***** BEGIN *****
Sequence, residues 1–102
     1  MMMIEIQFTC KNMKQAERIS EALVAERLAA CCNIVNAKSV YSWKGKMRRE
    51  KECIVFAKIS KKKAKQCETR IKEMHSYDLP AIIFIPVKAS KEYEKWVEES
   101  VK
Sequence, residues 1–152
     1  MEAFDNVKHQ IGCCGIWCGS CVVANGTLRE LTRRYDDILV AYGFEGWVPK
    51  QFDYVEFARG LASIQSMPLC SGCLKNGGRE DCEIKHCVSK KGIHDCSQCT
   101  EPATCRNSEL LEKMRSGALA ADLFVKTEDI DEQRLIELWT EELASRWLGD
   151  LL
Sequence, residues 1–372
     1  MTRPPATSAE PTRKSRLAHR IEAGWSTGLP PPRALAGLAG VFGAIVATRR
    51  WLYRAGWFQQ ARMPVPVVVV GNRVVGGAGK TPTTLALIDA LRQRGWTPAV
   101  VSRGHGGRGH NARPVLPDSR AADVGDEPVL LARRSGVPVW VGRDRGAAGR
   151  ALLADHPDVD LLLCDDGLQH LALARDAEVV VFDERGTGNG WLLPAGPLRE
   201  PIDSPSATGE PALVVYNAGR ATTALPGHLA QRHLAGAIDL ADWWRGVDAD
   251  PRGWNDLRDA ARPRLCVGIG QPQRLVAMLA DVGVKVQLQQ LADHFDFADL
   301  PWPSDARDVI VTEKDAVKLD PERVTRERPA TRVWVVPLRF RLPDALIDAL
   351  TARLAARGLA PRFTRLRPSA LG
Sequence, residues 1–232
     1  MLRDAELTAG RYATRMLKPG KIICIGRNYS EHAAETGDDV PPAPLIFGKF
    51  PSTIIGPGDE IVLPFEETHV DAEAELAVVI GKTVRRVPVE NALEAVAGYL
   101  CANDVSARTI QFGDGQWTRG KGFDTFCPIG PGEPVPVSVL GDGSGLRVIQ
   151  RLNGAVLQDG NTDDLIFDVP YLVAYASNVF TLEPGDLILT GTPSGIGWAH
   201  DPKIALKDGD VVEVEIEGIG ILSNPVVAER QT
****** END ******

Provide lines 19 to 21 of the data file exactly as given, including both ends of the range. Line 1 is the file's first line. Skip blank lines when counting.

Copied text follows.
Sequence, residues 1–232
     1  MLRDAELTAG RYATRMLKPG KIICIGRNYS EHAAETGDDV PPAPLIFGKF
    51  PSTIIGPGDE IVLPFEETHV DAEAELAVVI GKTVRRVPVE NALEAVAGYL